CFOs should use classic payer measures, such as PMPM, in addition to traditional revenue cycle measures, to determine the success of population health strategies.
As the industry transitions to value-based reimbursement models, shared accountability agreements are creating both financial incentives and challenges for providers. Population health management has proven successful in curbing costs and improving care quality under these new payment models (Bright, R., Sakurada, B., “ A Population Health Strategy for Diabetes: New Partners, New Opportunities,” National Academy of Medicine, February, 2016.) In addition, a Frost & Sullivan report shows most U.S.-based payers and providers are poised to progressively embrace health IT solutions and services facilitating population health management. Providers can develop a clear, measurable approach when adopting and leveraging these technologies through effective data gathering, measuring patient risk, and identifying gaps in care.
Start with Data Housekeeping
The first step to managing population health is the integration of traditionally siloed data across financial, operational, and clinical domains. This data can range from adjudicated claims to lab and immunization records.
For example, a provider cannot determine the Healthcare Effectiveness Data and Information Set (HEDIS) quality measure HbA1C control with just claims data; that will only show that the test was conducted. An accurate measurement must include lab data. And to coalesce disparate data sets into singular, holistic patient views, providers should establish enterprise master patient indexes (EMPIs)—tools that ensure accurate patient identity across disparate systems and points of care. This foundational element will ensure that all patient data is being evaluated for overall risk and compliance. Providers will benefit from more precise analyses when more data is organized.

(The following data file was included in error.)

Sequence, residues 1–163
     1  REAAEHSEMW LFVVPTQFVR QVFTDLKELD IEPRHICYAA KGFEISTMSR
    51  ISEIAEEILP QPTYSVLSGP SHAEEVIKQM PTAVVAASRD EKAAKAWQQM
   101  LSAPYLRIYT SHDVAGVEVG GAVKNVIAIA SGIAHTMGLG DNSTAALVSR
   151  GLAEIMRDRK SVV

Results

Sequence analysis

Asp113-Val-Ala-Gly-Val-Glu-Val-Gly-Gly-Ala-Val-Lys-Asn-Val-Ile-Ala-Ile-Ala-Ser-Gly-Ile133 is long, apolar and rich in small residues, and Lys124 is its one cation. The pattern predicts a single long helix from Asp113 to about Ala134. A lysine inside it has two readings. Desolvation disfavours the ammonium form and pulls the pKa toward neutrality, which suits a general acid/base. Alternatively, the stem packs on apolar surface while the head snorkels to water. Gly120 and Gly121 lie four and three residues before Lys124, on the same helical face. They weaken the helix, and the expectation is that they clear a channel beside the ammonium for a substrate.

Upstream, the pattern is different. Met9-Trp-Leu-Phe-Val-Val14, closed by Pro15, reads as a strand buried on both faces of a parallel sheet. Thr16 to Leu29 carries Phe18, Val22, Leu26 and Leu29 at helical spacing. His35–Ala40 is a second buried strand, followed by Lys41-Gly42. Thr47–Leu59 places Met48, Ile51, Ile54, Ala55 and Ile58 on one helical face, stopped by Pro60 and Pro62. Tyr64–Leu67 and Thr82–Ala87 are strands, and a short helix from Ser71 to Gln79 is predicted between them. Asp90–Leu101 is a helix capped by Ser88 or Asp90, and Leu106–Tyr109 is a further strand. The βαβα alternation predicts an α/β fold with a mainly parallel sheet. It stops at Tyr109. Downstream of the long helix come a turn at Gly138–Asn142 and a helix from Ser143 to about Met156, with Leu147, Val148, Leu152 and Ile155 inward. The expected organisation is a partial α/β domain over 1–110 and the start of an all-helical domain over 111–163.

For example, providers often encounter challenges creating consistent patient IDs across the many disparate systems they use. These challenges are further compounded with the hospital consolidation trend as these merged or acquired hospitals are taking on multiple additional technology systems with each acquisition. This makes it more challenging but also further emphasizes the importance of enabling true, holistic pictures of patients to create true population health management programs.
However, observing and reporting on aggregate level data is only the beginning. This data must also come with the ability to drill down into patient segments and then into individual patient data so providers can get accurate measures of which patients are influencing which scores.
Think (and Measure) More Like a Payer